The fact is, there IS a way to figure out how much power your speakers will need and how to pair an amplifier with the speakers you already own or are looking to purchase.
To determine the amplifier power, you will need the following items:
Speaker sensitivity specification (typically dB SPL /1W /1m)
Number of speakers you are using
Distance from speaker(s)
How loud do you want your music to sound, for general reference
70-80dB for speech only
80-95dB for light music
95-110dB for heavy music
Rules to Remember
Every time you double power or double the number of speakers, you increase the sound pressure level (SPL) by 3dB.
Every time you double the distance from the speaker, you decrease SPL by 6dB.
A speaker specification of 95 dB SPL/1W/1m means that at 1W of power, the...
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I bought the Varmilo Dragon Phoenix VA104M Mechanical Keyboard and initially it worked great. I'm on a Mac, so I got some mac modifier keys at maxkeyboard.com. The only problem with them is that the LED backlights shine brighter through these than the other keys. I may try to attenuate the keys somehow. Any suggestions?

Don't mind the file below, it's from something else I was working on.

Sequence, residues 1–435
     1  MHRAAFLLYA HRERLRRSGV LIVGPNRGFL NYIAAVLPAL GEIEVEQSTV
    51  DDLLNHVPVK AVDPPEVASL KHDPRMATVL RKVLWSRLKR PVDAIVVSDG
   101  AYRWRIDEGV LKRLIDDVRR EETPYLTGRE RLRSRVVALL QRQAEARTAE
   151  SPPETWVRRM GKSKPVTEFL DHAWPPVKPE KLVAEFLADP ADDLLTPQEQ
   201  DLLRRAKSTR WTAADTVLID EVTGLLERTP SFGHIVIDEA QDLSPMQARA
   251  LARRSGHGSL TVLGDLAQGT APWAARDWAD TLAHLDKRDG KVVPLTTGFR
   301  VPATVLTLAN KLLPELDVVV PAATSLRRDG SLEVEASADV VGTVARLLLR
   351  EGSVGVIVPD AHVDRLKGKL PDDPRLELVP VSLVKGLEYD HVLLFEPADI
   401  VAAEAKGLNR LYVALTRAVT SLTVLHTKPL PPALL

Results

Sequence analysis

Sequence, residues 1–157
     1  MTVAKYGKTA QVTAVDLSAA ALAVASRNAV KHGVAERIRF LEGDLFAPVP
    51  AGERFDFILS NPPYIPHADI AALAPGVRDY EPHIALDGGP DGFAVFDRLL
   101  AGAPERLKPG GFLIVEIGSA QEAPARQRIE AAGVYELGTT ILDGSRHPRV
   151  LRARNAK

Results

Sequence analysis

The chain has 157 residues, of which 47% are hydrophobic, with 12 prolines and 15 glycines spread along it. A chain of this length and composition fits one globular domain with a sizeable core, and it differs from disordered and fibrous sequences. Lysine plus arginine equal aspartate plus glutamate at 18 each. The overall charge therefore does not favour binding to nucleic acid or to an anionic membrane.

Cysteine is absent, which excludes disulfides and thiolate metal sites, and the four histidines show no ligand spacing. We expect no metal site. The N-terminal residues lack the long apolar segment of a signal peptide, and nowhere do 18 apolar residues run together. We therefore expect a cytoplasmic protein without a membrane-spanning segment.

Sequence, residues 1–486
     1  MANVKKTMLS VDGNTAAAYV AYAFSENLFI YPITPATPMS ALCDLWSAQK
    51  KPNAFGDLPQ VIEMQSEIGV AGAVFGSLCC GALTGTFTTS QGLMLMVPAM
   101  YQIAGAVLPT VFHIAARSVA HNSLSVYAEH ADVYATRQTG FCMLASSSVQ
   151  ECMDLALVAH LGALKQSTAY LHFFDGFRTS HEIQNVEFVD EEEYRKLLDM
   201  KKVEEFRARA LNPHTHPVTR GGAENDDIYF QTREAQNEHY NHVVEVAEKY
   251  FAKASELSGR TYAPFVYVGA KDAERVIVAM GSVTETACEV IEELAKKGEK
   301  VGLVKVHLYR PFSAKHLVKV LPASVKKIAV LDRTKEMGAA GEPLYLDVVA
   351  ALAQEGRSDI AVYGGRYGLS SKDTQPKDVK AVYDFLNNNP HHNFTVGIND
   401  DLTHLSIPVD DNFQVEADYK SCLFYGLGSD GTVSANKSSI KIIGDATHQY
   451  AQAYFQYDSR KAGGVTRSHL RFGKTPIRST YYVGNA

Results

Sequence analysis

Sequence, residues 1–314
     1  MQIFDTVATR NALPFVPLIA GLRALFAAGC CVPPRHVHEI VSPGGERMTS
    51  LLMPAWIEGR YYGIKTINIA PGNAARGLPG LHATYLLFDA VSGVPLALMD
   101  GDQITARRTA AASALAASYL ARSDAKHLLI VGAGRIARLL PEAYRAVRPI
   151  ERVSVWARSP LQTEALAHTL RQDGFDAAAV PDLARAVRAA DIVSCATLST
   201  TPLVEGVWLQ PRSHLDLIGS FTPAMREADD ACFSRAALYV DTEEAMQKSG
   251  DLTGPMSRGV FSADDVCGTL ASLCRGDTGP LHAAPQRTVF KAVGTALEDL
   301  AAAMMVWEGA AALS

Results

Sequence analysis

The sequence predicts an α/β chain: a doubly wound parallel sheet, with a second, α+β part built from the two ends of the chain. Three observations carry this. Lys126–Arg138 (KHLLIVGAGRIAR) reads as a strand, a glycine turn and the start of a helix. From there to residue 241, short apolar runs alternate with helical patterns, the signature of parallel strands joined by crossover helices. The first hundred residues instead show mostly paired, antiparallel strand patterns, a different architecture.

Unfortunately I've run into a bigger problem: I used the traditional method of remapping the modifier keys to the mac layout (through the Keyboard panel in the system preferences) and all was fine for about 2 weeks. Then all of a sudden certain keys seemed to remap themselves. I reset the Keyboard mapping in the system preferences and this is what I'm left with (using Windows ID's):
Left Control is mapped to Caps Lock
Right Control is fine
Caps Lock is mapped to both Control keys
Both ALT keys are mapped to nothing, unresponsive
Both "Window" keys are mapped to the ALT keys
I installed Karabiner - Elements and was able to remap the Caps Lock and Control keys to...
When I was looking for new headphones this past month, I thought Drop was a different company, but realized later that it was Massdrop all along.
In my opinion, Massdrop brand is better, it identifies them who they are. Drop? That is too generic and it does not really say much about the company. I do not see why they need to rebrand themselves. If they want to rebrand their name for said reasons, of all the names, why Drop? Drop reminds of DropBox or something.
1) What is the difference between "front firing" and "Closed Box, down-firing drive" sub. I guess front firing are more expensive so better.
2) These are specs for 3 different subwoofers in rel acoustics line. Does it matter which one I chose? What difference would it make?
a) -6dB at 28 Hz,
b) -6dB at 30 Hz,
c) -6dB at 32 Hz
3) Any experience or reviews on Rel Acoustics Sub Woofers?
I am considering pairing it with KEF LSX. Which model would be good?